What I got wrong about the election

MESSAGE MUDDLE The only two messages that appeared to punch through were the anti-Trump line, on the left, and the grossly overhyped email issue on the right. Mrs. Clinton talked about what she wanted to do from a policy perspective every day, but this campaign was not the Lincoln-Douglas debates, it was “Mad Max: Fury Road.” The three big TV networks together devoted 32 minutes on their evening newscasts to policy coverage in 2016. Again — 32. The race turned into “The Jerry Springer Show,” and that was the kind of campaign Mr. Trump was most comfortable with — and I’m sure the ugliness had the added effect of suppressing turnout.

THE TRUMP CAMPAIGNERS WERE SMART As they flew around Pennsylvania and Michigan and boasted they could change the map, many people, including me, ridiculed them as aimlessly and amateurishly wasting time and resources. But they saw something and committed to a strategy few even in the Republican Party thought would work. They challenged conventional wisdom, and were proved right. And Mr. Trump’s appeal to voters in these states was as strong as he predicted it would be.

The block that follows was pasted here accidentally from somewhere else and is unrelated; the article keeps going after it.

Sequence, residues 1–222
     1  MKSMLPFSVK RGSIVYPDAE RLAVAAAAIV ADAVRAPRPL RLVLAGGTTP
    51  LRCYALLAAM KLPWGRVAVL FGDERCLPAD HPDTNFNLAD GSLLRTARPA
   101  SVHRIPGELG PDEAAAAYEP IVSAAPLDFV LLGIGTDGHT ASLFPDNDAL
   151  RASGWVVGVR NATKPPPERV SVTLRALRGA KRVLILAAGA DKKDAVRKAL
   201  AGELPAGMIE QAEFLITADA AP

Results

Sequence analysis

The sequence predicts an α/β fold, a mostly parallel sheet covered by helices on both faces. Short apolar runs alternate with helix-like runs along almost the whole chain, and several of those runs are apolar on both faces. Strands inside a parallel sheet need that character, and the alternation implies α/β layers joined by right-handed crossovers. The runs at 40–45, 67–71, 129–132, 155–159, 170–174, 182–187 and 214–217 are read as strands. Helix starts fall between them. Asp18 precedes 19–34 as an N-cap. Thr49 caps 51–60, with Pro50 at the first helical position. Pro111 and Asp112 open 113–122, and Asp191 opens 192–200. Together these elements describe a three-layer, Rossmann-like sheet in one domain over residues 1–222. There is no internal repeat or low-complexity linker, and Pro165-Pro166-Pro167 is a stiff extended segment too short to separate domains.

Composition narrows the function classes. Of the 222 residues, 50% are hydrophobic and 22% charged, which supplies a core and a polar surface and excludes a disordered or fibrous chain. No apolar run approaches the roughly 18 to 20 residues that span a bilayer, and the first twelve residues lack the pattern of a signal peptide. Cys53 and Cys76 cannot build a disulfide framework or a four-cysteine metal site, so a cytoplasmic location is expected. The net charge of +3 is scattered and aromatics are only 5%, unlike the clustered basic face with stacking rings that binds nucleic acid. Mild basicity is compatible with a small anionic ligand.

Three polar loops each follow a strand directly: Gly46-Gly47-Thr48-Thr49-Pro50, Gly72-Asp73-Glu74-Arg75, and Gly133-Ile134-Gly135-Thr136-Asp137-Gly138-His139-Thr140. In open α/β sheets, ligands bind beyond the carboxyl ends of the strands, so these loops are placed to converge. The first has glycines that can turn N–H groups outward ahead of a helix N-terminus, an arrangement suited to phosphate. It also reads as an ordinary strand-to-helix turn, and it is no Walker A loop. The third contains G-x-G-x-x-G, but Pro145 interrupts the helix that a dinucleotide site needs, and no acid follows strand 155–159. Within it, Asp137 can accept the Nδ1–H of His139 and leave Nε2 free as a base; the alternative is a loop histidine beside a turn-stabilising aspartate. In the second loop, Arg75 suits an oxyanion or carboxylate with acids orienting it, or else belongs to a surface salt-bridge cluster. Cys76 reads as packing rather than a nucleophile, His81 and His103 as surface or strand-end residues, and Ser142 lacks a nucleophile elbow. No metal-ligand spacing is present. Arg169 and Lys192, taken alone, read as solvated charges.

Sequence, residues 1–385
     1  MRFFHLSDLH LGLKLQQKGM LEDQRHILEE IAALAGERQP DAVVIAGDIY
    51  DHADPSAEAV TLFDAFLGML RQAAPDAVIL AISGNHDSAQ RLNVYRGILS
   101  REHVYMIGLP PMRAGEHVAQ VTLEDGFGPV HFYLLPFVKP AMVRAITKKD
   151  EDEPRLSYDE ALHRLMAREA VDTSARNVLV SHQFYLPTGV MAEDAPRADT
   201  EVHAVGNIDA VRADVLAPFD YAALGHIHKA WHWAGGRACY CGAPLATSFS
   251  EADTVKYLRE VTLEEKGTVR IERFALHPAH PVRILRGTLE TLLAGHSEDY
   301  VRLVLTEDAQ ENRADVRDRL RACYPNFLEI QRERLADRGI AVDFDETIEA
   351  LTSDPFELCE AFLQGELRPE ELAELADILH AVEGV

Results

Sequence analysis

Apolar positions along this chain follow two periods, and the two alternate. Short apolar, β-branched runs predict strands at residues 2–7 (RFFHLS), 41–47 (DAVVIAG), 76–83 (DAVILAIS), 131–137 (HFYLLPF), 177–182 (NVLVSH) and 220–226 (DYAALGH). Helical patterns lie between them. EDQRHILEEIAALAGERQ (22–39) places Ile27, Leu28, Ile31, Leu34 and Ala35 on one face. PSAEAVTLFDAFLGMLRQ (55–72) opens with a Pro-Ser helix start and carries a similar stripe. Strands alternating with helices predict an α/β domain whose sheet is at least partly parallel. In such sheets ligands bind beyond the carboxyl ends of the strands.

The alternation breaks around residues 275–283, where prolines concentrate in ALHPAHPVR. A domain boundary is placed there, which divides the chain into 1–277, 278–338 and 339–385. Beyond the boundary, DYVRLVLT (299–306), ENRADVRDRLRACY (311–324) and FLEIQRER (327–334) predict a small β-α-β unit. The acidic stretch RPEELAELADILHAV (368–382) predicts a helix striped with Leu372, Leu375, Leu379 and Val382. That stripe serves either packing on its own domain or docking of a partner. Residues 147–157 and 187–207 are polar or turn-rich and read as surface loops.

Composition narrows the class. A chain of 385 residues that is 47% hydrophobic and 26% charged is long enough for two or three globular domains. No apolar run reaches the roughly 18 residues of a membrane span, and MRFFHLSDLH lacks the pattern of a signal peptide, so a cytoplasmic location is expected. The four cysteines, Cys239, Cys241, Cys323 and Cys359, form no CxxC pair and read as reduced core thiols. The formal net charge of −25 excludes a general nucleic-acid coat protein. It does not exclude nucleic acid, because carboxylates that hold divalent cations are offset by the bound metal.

JAMES COMEY From the last debate until Election Day, the dominant news was the F.B.I. and Mrs. Clinton’s emails along with a drumbeat of daily WikiLeaks dumps. Postelection research will help shed light here, but the small number of undecided voters at the end should have broken at least equally based on their demographic and voting history. If exit polls are accurate, they moved to Mr. Trump much more than to Mrs. Clinton in certain battleground states, and it’s quite possible the shadow created by the F.B.I. director was the major culprit. Oct. 19, the day of the final debate, was a long 20 days to Nov. 8, and the atmosphere was far from ideal for the Democratic candidate.